Keywords: biofuels; mandate; tax exemption; ethanol
    JEL: Q42 Q18 Q17 F17
    Date: 2007–10–24
  7. By: Adeola F. Adenikinju; Niyi Falobi
    Abstract: In spite of its vast oil endowments, Nigeria continues to experience sporadic domestic oil supply shortages. These oil shortages manifest in regular queues at fuel stations that are often empty and in thriving parallel markets that sprout all over the country. The shortages have resulted in huge economic and non-economic costs to the economy. This study investigates the causes of the shortages and provides quantitative estimates of the economic costs to the Nigerian economy using a survey and a computable general equilibrium (CGE) model. The findings from this study show very clearly that oil sector supply shocks are costly both directly and indirectly. Oil supply shocks result in lower real GDP, higher average prices and greater balance of payment deficits. Other macroeconomic variables such as private consumption, investment, government revenue and employment also decline. In addition, the distributional impact of the quantitative energy supply shocks is higher for poor households than rich households. We also find that the sectoral impacts are mixed, often depending on the oil intensity of the sector. Finally, our survey results show that many economic agents on the demand side are willing to pay higher prices if that will guarantee a stable oil supply. Few players in the market chain benefit from supply disruptions, while consumers and the poor bear the main burden of these shocks.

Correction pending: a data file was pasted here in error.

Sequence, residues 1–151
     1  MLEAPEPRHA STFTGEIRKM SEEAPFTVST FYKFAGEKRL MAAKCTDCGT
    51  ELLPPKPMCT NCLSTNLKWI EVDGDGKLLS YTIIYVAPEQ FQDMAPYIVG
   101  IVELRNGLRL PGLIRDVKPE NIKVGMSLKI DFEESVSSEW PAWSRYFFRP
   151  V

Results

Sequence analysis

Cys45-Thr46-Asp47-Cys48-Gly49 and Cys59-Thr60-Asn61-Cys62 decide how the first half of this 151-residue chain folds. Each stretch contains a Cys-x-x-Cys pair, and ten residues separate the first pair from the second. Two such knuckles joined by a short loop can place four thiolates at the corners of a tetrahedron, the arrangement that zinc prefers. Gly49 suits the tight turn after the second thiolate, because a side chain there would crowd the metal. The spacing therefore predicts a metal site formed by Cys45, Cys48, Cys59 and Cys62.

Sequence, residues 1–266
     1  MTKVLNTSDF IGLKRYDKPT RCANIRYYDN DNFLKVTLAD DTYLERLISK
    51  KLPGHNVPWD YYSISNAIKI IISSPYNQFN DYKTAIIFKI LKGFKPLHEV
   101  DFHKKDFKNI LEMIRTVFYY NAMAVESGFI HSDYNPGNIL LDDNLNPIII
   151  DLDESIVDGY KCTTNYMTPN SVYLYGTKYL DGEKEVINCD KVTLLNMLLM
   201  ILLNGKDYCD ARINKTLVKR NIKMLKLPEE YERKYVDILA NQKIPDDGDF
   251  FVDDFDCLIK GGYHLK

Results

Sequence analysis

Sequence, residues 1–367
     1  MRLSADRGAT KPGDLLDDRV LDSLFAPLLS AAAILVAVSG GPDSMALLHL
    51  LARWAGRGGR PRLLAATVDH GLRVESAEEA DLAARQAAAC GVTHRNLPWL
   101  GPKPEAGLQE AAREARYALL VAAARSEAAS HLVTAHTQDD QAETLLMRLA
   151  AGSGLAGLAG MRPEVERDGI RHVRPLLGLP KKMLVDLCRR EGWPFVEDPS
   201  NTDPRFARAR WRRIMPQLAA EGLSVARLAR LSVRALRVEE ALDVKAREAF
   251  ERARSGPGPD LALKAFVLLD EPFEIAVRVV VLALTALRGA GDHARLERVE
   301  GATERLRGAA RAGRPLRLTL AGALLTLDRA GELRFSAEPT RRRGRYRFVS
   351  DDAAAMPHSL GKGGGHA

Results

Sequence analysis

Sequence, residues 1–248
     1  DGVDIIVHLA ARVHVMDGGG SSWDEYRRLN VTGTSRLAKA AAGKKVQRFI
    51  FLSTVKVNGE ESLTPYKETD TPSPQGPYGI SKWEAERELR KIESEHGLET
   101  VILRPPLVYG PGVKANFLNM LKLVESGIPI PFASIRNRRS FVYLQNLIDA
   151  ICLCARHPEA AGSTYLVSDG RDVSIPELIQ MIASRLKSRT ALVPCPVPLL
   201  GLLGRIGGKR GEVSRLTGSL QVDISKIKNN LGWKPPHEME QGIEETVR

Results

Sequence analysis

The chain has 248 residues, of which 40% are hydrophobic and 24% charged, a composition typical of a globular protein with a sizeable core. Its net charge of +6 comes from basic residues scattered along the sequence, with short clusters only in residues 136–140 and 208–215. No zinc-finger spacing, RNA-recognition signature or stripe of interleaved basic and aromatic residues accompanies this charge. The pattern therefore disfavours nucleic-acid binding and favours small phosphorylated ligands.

Date: 2006–12
  8. By: Luís Cruz (GEMF and Faculdade de Economia, Universidade de Coimbra); Eduardo Barata (GEMF and Faculdade de Economia, Universidade de Coimbra)
    Abstract: Este trabalho explora a metodologia Input-Output como uma alternativa válida para estudar interacções entre energia, ambiente e actividades económicas, tendo por desígnio a obtenção de resultados susceptíveis de apoiar estratégias e políticas que respeitem e promovam uma gestão equilibrada da dinâmica que caracteriza as relações entre disponibilidade de energia, protecção ambiental e crescimento económico, num contexto marcado pelos princípios do Protocolo de Quioto e pelas regras do Comércio Europeu de Licenças de Emissão. As ligações entre os diferentes ramos de actividade, a produção e o consumo de energia e a correspondente emissão de CO2 em Portugal são estudadas com recurso ao desenvolvimento de um modelo Input-Output integrado com modelos satélite de fluxos de energia e de CO2 (resultantes da queima de combustíveis fósseis). São estimados coeficientes energéticos e de emissão de CO2 por actividade económica, assim como as necessidades de energia e as emissões correspondentes.
    Keywords: análise Input-Output, energia, emissões de CO2, Portugal
    JEL: C67 D57 Q32 Q43
    Date: 2007
  9. By: Kevin A. Hassett; Aparna Mathur; Gilbert E. Metcalf
    Abstract: This paper measures the direct and indirect incidence of a carbon tax using current income and two measures of lifetime income to rank households. Our two measures of lifetime income are current consumption and adjusted or "lifetime" consumption. The use of the adjusted lifetime measure for consumption is intended to correct for long-run predictable swings in behavior. Our results suggest that in general, carbon taxes appear to be more regressive when income is used as a measure of economic welfare, than when consumption (current or lifetime) is used to measure incidence. Further, the direct component of the tax, in any given year, is significantly more regressive than the indirect component. In fact, for 1987, the indirect component of the tax is actually mildly progressive, as the higher deciles tend to pay a larger fraction of their consumption in carbon taxes. Finally we observe a shift over time with the direct component of carbon taxes becoming larger in relation to the indirect component. These effects have mostly offset each other, and the overall distribution of the total tax burden has not changed much over time.
    JEL: H2 Q4 Q54
    Date: 2007–10